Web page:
Rainbow in 1975

“Temple of the King” is a real highlight of the second side, as a track with a medieval tenor and tone with a calm, moderate delivery. This song features more great bass playing by Gruber along with harmonized vocals to accompany Blackmore’s crisp, moody guitar lead and later dissolve into a classical style acoustic in outtro. “If You Don’t Like Rock n’ Roll” is a good time, pure rocker with choppy piano by Micky Lee Soule, who also adds a later piano lead. “Sixteenth Century Greensleeves”is a hard rocker with more medieval lyrics (albeit no real musical interpretation of the traditional English folk song from 1580). Here, Soule plays a clavinet to add to the rock effect as Dio expertly delivers the lyric. The album ends rather oddly with an instrumental cover of the Yardbirds’ “Still I’m Sad” from their 1965 album Having a Rave Up. This instrumental features a hyper blues riff with tremendous percussion by Driscoll throughout.

Ritchie Blackmore’s Rainbow was a fairly successful commercial album, reaching the Top 30 in the USA and nearly hitting the Top 10 in the UK. Ronnie James Dio has cited this release as his favorite Rainbow album. Beyond Dio however, Blackmore was unhappy with the rest of the former Elf line-up and he soon released everybody except for Dio for the 1976 follow-up release, Rainbow Rising, and subsequent international tours.

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Part of Classic Rock Review’s celebration of 1975 albums.

1975 Images

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Rainbow Rising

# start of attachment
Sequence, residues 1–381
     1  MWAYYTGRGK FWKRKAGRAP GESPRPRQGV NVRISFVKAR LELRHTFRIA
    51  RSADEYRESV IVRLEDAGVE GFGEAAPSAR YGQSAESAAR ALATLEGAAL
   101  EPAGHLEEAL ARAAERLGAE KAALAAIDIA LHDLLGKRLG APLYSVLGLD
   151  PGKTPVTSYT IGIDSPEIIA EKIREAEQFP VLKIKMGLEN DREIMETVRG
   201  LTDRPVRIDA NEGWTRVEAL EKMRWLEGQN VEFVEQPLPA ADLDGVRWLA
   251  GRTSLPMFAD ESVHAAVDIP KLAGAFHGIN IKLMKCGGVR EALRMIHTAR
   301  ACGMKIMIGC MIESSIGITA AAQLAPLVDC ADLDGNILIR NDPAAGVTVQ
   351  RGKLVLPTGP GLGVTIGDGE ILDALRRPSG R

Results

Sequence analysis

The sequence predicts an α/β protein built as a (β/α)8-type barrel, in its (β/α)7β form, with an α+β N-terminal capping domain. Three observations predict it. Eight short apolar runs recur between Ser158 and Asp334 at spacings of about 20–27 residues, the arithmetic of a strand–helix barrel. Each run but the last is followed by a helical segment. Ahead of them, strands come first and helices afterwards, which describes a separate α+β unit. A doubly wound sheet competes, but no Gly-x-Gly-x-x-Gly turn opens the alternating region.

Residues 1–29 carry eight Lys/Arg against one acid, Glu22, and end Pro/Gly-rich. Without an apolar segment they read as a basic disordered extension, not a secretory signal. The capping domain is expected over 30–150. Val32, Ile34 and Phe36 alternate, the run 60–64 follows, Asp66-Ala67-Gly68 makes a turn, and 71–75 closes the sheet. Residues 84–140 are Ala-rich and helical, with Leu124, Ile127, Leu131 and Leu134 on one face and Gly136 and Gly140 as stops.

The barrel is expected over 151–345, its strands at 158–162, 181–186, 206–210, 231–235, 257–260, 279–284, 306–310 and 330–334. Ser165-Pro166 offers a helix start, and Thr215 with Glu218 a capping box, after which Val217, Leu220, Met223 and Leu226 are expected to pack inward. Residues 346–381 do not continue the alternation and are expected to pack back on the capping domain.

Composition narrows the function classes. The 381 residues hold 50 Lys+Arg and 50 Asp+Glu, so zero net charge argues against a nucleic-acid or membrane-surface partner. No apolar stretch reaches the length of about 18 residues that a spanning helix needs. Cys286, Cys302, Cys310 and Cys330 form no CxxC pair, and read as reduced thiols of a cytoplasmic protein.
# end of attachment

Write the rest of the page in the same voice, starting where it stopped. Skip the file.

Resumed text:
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Rainbow RisingRainbow returned with a revamped lineup and fresh approach for the group’s second studio album, Rising. The record is comprised of six solid compositions which are comparable to the material the band had done before with dynamic and tight performances. The quintet started as a project by former Deep Purple guitarist Ritchie Blackmore after he departed from that group because he was unhappy with the stylistic direction of the group on their 1974 albums, which drifted towards funk rock and away from the band’s signature hard rock.

Blackmore established Rainbow when he joined with the American rock band, Elf, in 1975. Blackmore wanted to record some material that was rejected by Deep Purple members and he enlisted Elf vocalist Ronnie James Dio who in turn suggested his band mates to back up on the recordings. Soon, this project turned into the album Ritchie Blackmore’s Rainbow, with the album name (and ultimately the band name) inspired by the famous Rainbow Bar and Grill in Hollywood, CA. However, Blackmore was unhappy about the live performances of many in the Elf line-up and he fired everybody except Dio.

Keyboardist Tony Carey, bassist Jimmy Bain, and drummer Cozy Powell were recruited to complete this second incarnation of Rainbow. Further, Blackmore began constructing interesting chord progressions, inspired by his new found interest in playing cello and composing material with Dio supplying mythical lyrics. Rising was recorded in less than month in Munich, Germany with producer Martin Birch in early 1976.